between the patients etched enamel &
pre set adhesive on the bracket base
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Indirect bonding
Updated technique 1974 by same
authors
Used perforated metal bracket bases and
only one adhesive- BISGMA[ UV light
activated]
Increased operator working time as
polymerization did not occur
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INDIRECT BONDING
ADVANTAGES
Accurate bracket placement
Decreasing the chair side time
Avoiding band fitting on the posterior teeth
Eliminating the need for separators
Improved ability to bond the posteriors
Improved patient comfort and hygiene
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INDIRECT BONDING
Disadvantages
Technique sensitive
Additional set of impressions need to be
taken
Posterior attachments more likely to fail if
the patient chews on hard food
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Indirect bonding techniques
Thomas technique
Silicon transfer tray
Double sealant technique
Moin & Dogon technique
Indirect method Anoop Sondhi
Indirect bonding for light cured composites
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Indirect bonding
Moin & Dogon technique AJO 1977
Pour impression in
stone
A drop of sticky wax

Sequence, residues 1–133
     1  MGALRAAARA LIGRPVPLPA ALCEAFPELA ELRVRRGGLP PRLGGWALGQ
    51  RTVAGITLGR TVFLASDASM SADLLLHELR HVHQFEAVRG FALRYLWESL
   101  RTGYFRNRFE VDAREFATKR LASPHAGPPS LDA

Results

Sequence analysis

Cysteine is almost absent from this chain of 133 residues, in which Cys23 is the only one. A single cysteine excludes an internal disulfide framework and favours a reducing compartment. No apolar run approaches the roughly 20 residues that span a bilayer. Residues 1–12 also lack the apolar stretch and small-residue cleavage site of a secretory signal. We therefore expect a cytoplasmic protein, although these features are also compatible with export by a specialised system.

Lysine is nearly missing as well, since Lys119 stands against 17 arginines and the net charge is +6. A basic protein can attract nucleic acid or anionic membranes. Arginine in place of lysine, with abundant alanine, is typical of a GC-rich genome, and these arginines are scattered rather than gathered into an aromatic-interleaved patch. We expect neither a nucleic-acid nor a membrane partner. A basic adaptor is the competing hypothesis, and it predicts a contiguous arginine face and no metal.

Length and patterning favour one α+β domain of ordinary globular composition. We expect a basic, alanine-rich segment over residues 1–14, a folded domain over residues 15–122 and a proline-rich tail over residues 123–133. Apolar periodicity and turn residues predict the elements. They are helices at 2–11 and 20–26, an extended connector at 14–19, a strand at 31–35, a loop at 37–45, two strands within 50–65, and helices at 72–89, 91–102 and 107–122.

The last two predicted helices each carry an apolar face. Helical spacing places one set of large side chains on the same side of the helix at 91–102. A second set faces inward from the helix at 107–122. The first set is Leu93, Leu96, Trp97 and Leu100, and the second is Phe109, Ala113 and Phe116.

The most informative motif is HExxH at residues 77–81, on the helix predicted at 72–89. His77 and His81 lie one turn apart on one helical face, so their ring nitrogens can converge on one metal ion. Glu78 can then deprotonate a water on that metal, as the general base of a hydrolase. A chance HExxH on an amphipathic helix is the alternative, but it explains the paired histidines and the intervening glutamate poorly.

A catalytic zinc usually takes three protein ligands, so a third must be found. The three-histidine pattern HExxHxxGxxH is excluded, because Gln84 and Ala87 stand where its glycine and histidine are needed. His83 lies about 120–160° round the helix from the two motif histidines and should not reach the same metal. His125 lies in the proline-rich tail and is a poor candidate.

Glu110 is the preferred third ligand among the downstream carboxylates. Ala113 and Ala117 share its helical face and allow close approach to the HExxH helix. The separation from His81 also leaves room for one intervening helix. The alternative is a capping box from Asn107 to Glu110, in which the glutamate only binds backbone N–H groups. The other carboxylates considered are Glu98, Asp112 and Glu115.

is placed on teeth
surfaces of cast
Brackets are
warmed over flame
and set on the cast
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Indirect bonding - Moin & Dogon technique
Impression made with
polyether material
Tray separated from
cast but brackets remain
in situ
Bracket is removed from
the cast &warmed to
remove residual wax
They are placed into the
impression


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Teeth are pumiced,etched & isolated
Enamel surface is sealed with mixture
of universal & catalyst sealant
bracket base is covered with the
adhesive
tray is seated
Indirect bonding - Moin & Dogon technique
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Indirect bonding - Moin & Dogon technique
Use of sticky wax-corrections can
easily &readily be made until optimal
bracket alignment is obtained
Previously used
Adhesive tape - bracket displacement
Bonding resin cleaning of bracket
base prior to bonding difficult and time
consuming
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Indirect bonding ANOOP SONDHI